Implement and monitor: Set clear KPIs with short, medium, and long-term goals that are stretching but realistic. Introduce the identified solutions and monitor their success over time with respect to your targets.
Effective coordination between the following stakeholders is key to implementing sustainable packaging solutions:
1. Internal stakeholders within food manufacturers or retailers:
Direct and indirect procurement teams handling relationships with suppliers (packaging companies, food manufacturers, transport, and logistics providers)
Product development teams identifying the ideal packaging conditions of specific food products
Operations/supply chain teams collecting data on food waste and other bottlenecks at each stage of the food value chain
Legal teams advising on the terms of supplier contracts
Sustainability teams ensuring that packaging choices align with the company’s wider sustainability strategy, as well as its food waste strategy
Marketing and business intelligence teams collecting information on consumer buying behaviors and how changes to packaging influences consumer choices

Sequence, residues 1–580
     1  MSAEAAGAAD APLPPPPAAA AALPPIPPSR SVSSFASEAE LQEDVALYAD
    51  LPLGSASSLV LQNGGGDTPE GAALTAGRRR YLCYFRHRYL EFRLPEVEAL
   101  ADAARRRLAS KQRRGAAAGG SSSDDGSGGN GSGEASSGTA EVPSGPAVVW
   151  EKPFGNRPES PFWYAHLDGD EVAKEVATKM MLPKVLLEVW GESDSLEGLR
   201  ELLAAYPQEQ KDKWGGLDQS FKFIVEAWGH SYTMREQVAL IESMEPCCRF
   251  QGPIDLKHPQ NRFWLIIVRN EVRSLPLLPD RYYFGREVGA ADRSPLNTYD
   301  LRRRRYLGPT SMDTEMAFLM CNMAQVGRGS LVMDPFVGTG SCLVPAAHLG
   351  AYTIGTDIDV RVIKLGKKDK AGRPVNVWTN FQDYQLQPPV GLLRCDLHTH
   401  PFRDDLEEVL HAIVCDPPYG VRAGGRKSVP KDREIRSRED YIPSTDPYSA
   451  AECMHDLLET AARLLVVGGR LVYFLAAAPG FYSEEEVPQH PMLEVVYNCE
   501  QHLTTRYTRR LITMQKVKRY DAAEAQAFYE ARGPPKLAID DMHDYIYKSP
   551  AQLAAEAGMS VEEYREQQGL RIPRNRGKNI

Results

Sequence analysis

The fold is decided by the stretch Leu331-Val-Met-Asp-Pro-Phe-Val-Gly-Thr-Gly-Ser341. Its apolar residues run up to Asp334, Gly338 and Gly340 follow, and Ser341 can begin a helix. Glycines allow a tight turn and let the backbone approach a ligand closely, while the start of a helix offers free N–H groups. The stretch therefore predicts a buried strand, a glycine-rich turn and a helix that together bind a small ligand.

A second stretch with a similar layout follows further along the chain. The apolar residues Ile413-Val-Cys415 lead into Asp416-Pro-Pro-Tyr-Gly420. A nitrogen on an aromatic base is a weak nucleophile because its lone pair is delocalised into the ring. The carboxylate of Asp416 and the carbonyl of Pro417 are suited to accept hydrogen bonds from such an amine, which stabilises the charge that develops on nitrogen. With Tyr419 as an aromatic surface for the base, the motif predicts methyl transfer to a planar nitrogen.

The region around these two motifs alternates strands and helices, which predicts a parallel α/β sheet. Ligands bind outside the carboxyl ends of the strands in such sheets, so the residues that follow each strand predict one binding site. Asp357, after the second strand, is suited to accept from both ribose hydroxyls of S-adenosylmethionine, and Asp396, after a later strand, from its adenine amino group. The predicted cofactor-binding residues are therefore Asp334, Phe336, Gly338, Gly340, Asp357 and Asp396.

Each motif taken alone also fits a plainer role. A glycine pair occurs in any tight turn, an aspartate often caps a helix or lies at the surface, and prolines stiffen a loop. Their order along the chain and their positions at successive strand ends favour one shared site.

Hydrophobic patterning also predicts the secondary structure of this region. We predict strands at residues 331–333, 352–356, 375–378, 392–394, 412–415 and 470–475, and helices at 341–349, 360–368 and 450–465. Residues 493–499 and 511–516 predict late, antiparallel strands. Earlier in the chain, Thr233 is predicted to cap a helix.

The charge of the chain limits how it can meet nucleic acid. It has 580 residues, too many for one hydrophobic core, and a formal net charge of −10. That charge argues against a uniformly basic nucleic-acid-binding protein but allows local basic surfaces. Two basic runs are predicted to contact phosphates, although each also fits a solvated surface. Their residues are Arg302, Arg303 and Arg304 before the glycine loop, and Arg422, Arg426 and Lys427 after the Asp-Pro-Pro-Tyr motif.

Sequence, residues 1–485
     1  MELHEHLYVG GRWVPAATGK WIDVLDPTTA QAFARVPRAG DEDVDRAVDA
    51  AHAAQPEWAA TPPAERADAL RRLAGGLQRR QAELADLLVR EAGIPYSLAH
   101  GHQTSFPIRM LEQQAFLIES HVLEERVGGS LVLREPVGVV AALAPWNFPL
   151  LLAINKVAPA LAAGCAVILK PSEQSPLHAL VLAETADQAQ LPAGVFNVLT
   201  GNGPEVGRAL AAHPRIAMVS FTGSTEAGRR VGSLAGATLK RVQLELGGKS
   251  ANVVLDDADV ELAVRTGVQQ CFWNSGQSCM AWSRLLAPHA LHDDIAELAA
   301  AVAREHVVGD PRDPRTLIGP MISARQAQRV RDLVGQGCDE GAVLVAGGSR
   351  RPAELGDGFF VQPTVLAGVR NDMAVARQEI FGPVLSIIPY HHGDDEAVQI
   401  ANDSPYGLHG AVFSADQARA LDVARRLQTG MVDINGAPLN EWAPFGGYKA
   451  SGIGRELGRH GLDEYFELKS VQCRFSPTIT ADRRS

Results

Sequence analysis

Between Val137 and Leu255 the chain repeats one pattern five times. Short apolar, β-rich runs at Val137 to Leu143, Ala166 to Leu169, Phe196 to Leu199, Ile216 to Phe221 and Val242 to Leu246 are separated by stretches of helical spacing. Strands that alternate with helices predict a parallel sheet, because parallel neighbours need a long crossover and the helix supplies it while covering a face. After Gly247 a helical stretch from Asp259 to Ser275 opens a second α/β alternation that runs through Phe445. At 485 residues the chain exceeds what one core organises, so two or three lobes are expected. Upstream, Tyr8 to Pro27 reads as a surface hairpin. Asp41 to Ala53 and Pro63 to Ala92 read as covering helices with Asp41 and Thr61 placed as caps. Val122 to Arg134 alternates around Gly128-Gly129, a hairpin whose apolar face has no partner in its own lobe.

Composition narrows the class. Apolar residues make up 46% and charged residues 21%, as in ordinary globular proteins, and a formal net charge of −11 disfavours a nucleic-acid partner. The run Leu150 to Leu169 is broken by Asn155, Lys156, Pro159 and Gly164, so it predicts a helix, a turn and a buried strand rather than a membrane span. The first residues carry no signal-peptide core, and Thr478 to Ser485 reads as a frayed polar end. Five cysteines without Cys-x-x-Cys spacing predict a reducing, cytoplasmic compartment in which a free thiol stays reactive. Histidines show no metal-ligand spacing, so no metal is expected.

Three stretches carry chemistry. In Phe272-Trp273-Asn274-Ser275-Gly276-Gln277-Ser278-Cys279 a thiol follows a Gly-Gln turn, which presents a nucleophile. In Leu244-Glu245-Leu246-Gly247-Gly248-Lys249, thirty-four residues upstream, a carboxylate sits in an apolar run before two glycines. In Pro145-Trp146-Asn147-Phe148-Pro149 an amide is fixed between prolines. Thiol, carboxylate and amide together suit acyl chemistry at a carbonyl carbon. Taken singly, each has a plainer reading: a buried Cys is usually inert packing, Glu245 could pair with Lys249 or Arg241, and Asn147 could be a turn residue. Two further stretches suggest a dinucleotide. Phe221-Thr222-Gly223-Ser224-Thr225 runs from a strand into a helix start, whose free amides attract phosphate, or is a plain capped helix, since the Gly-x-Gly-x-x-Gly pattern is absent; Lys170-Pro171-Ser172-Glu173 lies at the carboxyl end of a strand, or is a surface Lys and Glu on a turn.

2. External stakeholders:
Key suppliers, including packaging producers, logistics providers, and (for retailers and food service providers) food manufacturers
Industry initiatives, such as WRAP in the UK, which has produced a Food Waste Reduction Roadmap with key steps for food service providers, retailers, food manufacturers, and best practice case studies (17)
Key parameters to consider
Companies should consider the following key parameters when adopting efficient food packaging strategies:
Understand your obligations under packaging legislation: Retailers and food producers should verify whether relevant packaging laws apply in their region. These may state what materials packaging should contain and how packaging must be handled at end of life. For example, under the UK's Plastic Packaging Tax, plastic packaging containing less than 30% recycled plastic will be charged at £200/ton (18).
Eventual subsidies available: There may be relevant funding in your area. For example, the European Commission and the European Health and Digital Executive Agency (HaDEA) frequently give out grants through the Single Market Program to help businesses monitor and prevent food waste in their operations (19,20).
Implementation and operations tips
Companies should consider the following recommendations when implementing sustainable packaging programs:
Invest in a digital system that can assist with handling large volumes of real-time data on a number of SKUs. This can help retailers and food producers comply with legal requirements to collect data on the packaging they handle.
Educate consumers on the benefits of choosing products sealed using sustainable packaging to help create a market for lower-carbon forms of packaging.
Invest in further development of active packing technologies to lower their roll-out costs and promote their uptake across the industry.
Implement a good waste management system to ensure that packaging isn’t disposed of in landfill/oceans.